I have only really injured myself once and that was during training. Bruises are par for the course, they are normal. But in the meantime, I have started to reject certain stunts, they can be done by twenty-year-olds. In addition, I don’t just work in front of the camera as a stunt woman, but also behind it – as a stunt coordinator or assistant coordinator. I think it's exciting to create a stunt. You have to coordinate with all departments to develop the perfect version of the stunt for the director. I feel very much at home in the field of team building and for me making films is the perfect example of teamwork, simply great. In addition, if a woman is to make it in this profession and be able to earn a living from it, she has to have a wide range of skills.

Jumping over a car Jumping over a car | Photo (detail): Melanie Benna Only a fifth or sixth of all stunt people are women. Why is that?

There are many reasons for this – but mainly because there are fewer scenes for actresses who need a stand-in. How often does a woman have a major role in a movie? In Germany not very often at all. This is not so very different, either, on the international level. When a stand-in has to take the place of a female performer, they actually do so often because their role requires them to act clumsily or be accident-prone. Body stunts are therefore also part of my repertoire, anything connected with falling: falling down a flight of stairs wearing high-heeled shoes, slipping on ice or other perilous surfaces, getting hit by a car, being beaten. Strong, fighting women, however, are much less common. Standing-in for women is often harder than for men, because you cannot wear any protective padding under a skirt or a dress. The risk of injury is greater.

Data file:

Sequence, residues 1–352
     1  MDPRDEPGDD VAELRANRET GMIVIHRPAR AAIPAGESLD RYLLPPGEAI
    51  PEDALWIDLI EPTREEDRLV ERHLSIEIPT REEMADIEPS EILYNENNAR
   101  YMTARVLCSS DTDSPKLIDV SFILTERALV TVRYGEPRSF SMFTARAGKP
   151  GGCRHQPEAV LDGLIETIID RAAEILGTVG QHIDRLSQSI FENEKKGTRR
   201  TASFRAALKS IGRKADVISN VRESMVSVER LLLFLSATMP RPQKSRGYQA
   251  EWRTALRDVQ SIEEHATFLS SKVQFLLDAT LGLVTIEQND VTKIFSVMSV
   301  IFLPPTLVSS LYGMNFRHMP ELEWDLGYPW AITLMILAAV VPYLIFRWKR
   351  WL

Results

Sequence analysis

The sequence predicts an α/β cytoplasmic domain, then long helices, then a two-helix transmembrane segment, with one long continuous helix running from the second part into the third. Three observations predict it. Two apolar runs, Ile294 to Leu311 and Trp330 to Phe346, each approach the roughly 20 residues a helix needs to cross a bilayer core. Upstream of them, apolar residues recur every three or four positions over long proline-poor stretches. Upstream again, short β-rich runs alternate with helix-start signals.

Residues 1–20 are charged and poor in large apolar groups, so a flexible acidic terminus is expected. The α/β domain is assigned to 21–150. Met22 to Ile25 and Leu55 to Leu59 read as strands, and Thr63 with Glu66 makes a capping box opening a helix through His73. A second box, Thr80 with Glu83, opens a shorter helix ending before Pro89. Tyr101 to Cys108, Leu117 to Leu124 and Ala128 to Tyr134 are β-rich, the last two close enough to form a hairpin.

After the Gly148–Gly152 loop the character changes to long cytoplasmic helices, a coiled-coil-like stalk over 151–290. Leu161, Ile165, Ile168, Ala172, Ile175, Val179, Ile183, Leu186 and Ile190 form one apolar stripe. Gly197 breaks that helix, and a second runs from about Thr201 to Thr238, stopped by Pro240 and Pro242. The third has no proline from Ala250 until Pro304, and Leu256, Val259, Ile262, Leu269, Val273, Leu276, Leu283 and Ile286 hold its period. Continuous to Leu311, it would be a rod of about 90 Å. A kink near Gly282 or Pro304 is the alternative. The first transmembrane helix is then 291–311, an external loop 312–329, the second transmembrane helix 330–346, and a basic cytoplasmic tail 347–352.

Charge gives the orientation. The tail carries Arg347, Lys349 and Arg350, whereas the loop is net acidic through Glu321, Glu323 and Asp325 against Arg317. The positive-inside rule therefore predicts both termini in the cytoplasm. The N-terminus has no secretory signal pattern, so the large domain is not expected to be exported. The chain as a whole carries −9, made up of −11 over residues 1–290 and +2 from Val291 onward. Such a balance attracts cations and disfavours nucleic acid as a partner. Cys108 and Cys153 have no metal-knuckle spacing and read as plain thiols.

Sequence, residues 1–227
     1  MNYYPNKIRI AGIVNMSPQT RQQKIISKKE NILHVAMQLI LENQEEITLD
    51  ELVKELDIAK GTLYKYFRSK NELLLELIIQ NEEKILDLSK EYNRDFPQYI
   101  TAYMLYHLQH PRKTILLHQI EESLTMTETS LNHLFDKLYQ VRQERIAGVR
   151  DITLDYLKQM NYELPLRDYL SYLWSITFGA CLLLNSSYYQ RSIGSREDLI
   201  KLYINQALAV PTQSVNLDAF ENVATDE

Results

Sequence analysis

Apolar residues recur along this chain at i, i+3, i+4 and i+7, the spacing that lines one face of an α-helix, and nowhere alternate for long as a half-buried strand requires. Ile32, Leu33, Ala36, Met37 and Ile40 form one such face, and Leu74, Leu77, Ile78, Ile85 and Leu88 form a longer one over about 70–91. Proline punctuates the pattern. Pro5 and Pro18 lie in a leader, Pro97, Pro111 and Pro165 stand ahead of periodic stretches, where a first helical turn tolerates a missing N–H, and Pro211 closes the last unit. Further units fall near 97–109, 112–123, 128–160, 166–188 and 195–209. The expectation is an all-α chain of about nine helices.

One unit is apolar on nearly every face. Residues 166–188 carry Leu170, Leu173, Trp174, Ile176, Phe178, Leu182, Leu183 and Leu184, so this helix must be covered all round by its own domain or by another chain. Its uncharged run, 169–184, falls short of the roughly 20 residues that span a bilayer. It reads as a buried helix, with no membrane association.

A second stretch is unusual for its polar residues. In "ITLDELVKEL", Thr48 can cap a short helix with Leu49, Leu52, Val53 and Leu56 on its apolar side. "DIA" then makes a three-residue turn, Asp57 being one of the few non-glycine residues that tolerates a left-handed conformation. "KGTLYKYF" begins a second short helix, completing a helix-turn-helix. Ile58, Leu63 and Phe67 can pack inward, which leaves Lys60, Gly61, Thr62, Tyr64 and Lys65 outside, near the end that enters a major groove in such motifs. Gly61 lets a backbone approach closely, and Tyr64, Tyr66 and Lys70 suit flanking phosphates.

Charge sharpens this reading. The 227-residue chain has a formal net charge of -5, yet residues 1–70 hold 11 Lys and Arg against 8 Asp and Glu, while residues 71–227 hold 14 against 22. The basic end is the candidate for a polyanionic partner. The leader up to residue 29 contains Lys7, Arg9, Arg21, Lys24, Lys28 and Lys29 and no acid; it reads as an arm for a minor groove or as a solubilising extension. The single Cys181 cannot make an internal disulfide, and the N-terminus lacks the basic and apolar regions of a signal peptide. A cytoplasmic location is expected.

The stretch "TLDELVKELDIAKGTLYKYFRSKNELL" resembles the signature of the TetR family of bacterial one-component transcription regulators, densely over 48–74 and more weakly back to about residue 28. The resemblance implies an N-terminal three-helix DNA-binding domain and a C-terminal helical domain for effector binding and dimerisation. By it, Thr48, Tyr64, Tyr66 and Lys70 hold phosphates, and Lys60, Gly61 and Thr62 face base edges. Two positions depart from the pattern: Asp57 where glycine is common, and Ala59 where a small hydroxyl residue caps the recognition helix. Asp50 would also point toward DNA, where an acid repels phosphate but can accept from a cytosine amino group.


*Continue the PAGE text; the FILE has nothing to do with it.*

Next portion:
Anything connected with falling: body stunts are part of her repertoire. Anything connected with falling: body stunts are part of her repertoire. | Photo (detail): Melanie Benna You have been doing the job for many years. What were your favourite stunts?

I once shot a moped accident with Dany Levi for the film Die Welt der Wunderlichs (i.e.,The World of the Wunderlichs), which was supposed to be funny. I find stunts in comedy super, because you do not take yourself so seriously and the final result is incredibly good. That's why, in my opinion, the best stunt scenes are to be found in comedies. In addition, I love it when you create something totally wacky with the team. It does not always have to be action-packed. For the diving scenes in the film “A Cure for Wellness” we trained older extras to hold their breath for over a minute. In the scene they were then all submerged underwater at the same time with the aid of a rope system so that they would stand upright in the water. We wanted to create the effect of them breathing in special tanks in this water. It was a great challenge and a lot of fun.

Fighting under water Fighting under water | Photo (detail): Melanie Benna You have to be a bit of a daredevil then to do the job, right?

I'm not a daredevil, I'm a very positive and progressive person. I like to develop new things, I like working in a team. These are without a doubt good qualities for this profession. When you get a job, expertise is only half the battle, the rest is all about inventiveness, team competence and flexibility. You have to be able to assess yourself well, and not overestimate yourself, and be able to discuss things sensibly with the director and the team. If you manage to combine these qualities well, then you will be really good at the job. Daredevils are exactly what we do not need, they put themselves in danger and everyone else on the set.

Melanie ist lowering herself on a rope down from a great height. Melanie ist lowering herself on a rope down from a great height. | Photo (detail): Melanie Benna